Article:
Video card overclocking has become a very popular topic amongst gamers and PC enthusiasts these days. With the release of next generation games around the corner and the growing popularity of resolutions beyond 1080p, overclocking is becoming increasingly important to users looking to squeeze the most performance they can out of their video cards.

It’s been more than a decade since video card overclocking was first introduced. Back then, overclocking was considered a risky practice where only advanced users would participate. It was also looked down upon by video card manufactures and board partners alike.

Many of our seasoned readers may remember some of the more popular utilities used back in the day, such as NVMax, CoolBits, ATITools, RivaTuner, and PowerStrip. Much like today’s utilities, each had their strengths and weaknesses. Regardless of the utility used, they all had the same objective: increase the frequencies of our video cards to obtain better than stock performance. Comparing these to today’s overclocking utilities, fundamentally not much has changed. The biggest changes have to do with features and functionality, most of which can be a huge asset to users when overclocking their video cards.

Meanwhile, overclocking is no longer being shunned by video card manufactures and board partners. Instead, it's acknowledged and used in the marketing and design of many video cards, in hopes of increasing market share and brand reputation. Due to the popularity of overclocking, board partners have embraced these utilities and begun to develop them on their own. Along with developing these utilities, board partners have been marketing custom cooled and factory overclocked models to help increase profit margins, and to help broaden their product offerings as well. Additionally, video cards manufactures have been implementing safety measures to prevent users from easily damaging their video cards. Safety nets, such as the use of dynamic clock speeds and GPU throttling, have made overclocking safer and more accessible to the average user.

This article will not be a guide on how to overclock your video card; instead, we'll be doing a round-up of the utilities that help make overclocking possible. Overclocking with the use of software utilities continues to be the most popular method to date. There are over a dozen utilities that can be used to overclock today’s video cards, but today we'll only be looking at the most popular within our community. These utilities include AMD OverDrive, Sapphire TriXX, ASUS GPU Tweak, EVGA Precision X, and MSI Afterburner. As we delve into these utilities, we’ll be analyzing each of their strengths and weaknesses and discovering what separates them from each other as well. Hopefully this round-up will provide some useful data and help you decide which utility is right for you.

AMD Overdrive
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  • TiGr1982 - Wednesday, October 8, 2014 - link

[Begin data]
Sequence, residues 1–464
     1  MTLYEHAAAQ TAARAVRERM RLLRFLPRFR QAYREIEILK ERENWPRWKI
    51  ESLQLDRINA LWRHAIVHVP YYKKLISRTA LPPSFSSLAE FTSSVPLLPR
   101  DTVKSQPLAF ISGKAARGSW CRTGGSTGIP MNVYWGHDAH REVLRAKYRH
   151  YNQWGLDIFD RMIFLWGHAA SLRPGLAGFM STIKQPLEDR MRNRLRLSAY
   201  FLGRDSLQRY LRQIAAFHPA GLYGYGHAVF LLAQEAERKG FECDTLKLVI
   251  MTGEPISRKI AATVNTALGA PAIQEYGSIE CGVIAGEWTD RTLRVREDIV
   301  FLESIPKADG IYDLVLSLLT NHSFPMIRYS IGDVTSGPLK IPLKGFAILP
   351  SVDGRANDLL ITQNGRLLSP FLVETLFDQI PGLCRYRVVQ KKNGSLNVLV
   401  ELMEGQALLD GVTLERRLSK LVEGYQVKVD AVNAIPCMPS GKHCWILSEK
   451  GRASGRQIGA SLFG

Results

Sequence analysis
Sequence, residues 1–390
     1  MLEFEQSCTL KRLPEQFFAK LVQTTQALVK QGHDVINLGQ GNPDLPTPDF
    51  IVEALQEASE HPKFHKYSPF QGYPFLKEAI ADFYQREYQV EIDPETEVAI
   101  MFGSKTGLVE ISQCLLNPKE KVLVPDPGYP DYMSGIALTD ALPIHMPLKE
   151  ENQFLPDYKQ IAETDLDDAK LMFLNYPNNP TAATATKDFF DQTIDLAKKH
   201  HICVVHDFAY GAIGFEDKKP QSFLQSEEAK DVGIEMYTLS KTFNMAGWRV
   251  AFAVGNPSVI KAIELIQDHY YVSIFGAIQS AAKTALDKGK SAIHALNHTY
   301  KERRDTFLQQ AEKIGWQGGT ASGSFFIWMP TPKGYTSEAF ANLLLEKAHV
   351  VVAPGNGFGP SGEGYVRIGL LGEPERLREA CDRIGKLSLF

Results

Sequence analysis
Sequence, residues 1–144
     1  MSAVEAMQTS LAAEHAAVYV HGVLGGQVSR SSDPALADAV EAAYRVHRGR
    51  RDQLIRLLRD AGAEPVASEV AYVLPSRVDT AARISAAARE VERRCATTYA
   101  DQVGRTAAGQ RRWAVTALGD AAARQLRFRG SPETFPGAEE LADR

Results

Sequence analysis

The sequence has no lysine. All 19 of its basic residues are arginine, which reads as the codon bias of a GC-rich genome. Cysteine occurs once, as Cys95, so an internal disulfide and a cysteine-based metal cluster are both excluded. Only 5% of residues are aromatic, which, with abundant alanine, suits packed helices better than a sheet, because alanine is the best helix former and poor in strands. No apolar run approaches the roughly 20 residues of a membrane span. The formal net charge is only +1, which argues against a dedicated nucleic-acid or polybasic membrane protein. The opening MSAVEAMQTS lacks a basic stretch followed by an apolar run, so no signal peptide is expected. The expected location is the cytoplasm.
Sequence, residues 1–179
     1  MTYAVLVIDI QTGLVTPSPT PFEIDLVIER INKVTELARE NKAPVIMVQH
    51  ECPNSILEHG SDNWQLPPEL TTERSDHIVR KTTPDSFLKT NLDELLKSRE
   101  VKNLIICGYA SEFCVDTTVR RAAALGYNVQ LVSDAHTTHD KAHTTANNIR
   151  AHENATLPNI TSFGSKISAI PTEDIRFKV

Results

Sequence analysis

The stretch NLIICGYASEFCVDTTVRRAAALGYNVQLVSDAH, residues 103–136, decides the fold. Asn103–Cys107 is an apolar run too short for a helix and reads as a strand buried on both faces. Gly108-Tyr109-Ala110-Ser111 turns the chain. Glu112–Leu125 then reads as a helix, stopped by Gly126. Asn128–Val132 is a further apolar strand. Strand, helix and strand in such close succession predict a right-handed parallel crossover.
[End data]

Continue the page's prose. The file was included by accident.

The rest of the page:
Well, these custom skins do not have any functional advantage over standard Windows UI design, obviously. At the same time, most people are not annoyed by custom skins, and some even find it nice. Then, for the people who don't like it, software utility vendors should provide a checkbox/radiobutton to switch to the plain skin.
  • Morawka - Wednesday, October 8, 2014 - link

    i ruined a Asus Pro Art IPS Monitor trying to pixel clock it. and i didn't even try anything crazy, just a mild overclock from 60hz to 90hz. The screen started flickering on and off every 15 seconds. Even reverting and trying the monitor on a different PC did not fix it. I will never try that again...
  • Iketh - Wednesday, October 8, 2014 - link

    I don't think there is anything "mild" about a 50% overclock..... smh
  • Khenglish - Thursday, October 9, 2014 - link

    +1 for Trixx. It's the only tool that allows software voltage adjustment of mobile AMD GPUs.

    Also no Nvidia Inspector?
  • octiceps - Thursday, October 9, 2014 - link

    +1 for Nvidia Inspector.
  • octiceps - Thursday, October 9, 2014 - link

    Er...why is the Afterburner profiles settings window shown for Precision?
  • Ryan Smith - Thursday, October 9, 2014 - link

    Whoops. This is what happens when you have so many images with similar names. Thanks for pointing that out.
  • Laststop311 - Thursday, October 9, 2014 - link

    I've been using MSI afterburner for years now. It has the best options and is a truly solid performer. There is no point to use anything else as it does it all.
  • Nfarce - Thursday, October 9, 2014 - link

    Regarding video capture and it lacking in Precision X, I have been very pleased with the separate offering from Nvidia (Shadowplay). Unlike FRAPS, it is relatively light on MB/GB file usage.
  • theNiZer - Thursday, October 9, 2014 - link

    Michael Wilding: great article read, and great subject. I also very much like that you present your conclusion. I'll take MSI AB for a spinn

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